The project, he said, includes the following improvements that will be completed during the 27-month construction period: replacing existing raw sewage crushers with new fine screens and tributary wash presses; rehabilitate the tributary wet well; construct an upstream building above the existing wet well; replace two existing tributary pumps and add a new fourth pump; rehabilitate the two primary clarifiers; and modifications to the aeration basins.
In addition, replace two of the ventilation fans; rehabilitate the two final clarifiers; build a new tertiary filtration installation with chemical conditioning (rapid mixing, coagulation and flocculation), followed by disc filters; improvements in aerobic digesters; and improvements to parts of the HVAC ventilation systems in Building 10.
Training and comprehensive operation and maintenance manuals for various unit processes are also included.
The supervisor said the Phase II construction project costing $ 13,385,000 is to be completed in 810 days.
“The cost of the CRS deal contract is proposed at $ 1,105,515,” noted Christensen. “This cost as a percentage of the total project cost is 8.3% or $ 1,365 per contract day.
“Utility staff will assist Donohue & Associates as needed to control costs,” he said. “It is not uncommon, in a well-managed project, for CRS costs to be lower than the“ not to exceed ”cost. “
Storm water permit
Council members on Tuesday approved the 2020 annual report for the stormwater permit and authorized the appropriate signatures.
City engineer Andy Selle said the report covered the city’s activities in detecting illegal discharges, controlling erosion on construction sites, managing stormwater after construction, monitoring pollution and education and public participation. He said the report had no impact on the stormwater utility’s 2021 budget.
“The report documents our efforts in each category required by the permit,” Selle said. “The Rock River Stormwater Group has engaged Creative Marketing Unlimited, a student-run consulting firm at the University of Wisconsin-Whitewater to manage our public outreach and marketing efforts using both online and online approaches. nobody.
The city, he said, continues to make progress in ensuring that its stormwater entering the Bark and Rock Rivers is as clean as possible.
“We’ve come a long way since we used the river as a conduit for sewage and untreated waste in the early 1900s,” Selle said. “The use of rivers is visibly increasing and they are seen as an asset in our community, a direct result of the city’s efforts and dollars, and certainly a good investment for our community. “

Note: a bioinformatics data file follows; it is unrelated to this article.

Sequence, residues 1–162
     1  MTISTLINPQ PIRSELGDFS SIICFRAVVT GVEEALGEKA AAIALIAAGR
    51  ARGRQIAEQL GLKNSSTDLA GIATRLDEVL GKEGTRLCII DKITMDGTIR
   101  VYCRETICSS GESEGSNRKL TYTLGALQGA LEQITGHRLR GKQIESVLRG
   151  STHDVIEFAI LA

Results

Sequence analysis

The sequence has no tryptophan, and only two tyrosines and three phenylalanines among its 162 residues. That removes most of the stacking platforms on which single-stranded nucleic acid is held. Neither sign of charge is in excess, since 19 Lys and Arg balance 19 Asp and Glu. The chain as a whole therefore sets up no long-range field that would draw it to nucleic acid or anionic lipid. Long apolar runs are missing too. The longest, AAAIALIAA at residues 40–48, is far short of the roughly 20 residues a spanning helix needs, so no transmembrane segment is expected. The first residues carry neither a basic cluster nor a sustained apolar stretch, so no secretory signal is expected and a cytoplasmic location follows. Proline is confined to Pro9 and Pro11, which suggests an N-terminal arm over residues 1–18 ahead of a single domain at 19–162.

The report was posted on the city’s website and copies have been made available at the Dwight Foster Public Library and in the municipal building for public review and comment, he said, noting that to date , no comments, concerns or questions were raised by the public review of the document.
In other matters, counsel:
• Approval of a request to divide lot zero on two adjacent parcels located at 1509 and 1511 Lena Lane, creating an instrument for two separate owners of a duplex sharing a common wall.
Separate water diversions are needed for individual plots, Selle said, noting that the two diversions are located on the terrace and serve each plot independently.
“The city does not currently require a separate sanitary (sewage) side to serve each unit,” said Selle, noting that this duplex includes a single side shared outside the homes. “The maintenance contract specifically includes this structure with shared maintenance and replacement costs. “
• Approved the change to the description of the liquor license premises of Creamery 201, LLC, a place of celebration, at 201 N. Main St., as follows: The second floor of 201 N. Main St .; the interior elevator / stairwell and private hallway on the first floor leading to an adjacent private patio; and the private outdoor patio depends on adding a chandelier and rope along the northwest edge of the patio to limit access to the sidewalk during events.
Michelle Ebbert, City Clerk / Treasurer / Director of Finance, said the north side of the outdoor patio is covered with heavy landscaping, lattice fence and not visible from the drive-thru of the adjacent business (McDonald’s). And, she said, there is a sidewalk as an escape route from the patio along the east end of Mr. Brew’s Taphouse.
“The expansion of the premises would allow their patrons to use the patio with an alcoholic beverage provided by the private event,” Ebbert said. “Creamery 201 provides bins and recycling containers for this area. “
She said no loud music or dancing would be allowed in the outdoor space and the area should be monitored at all times.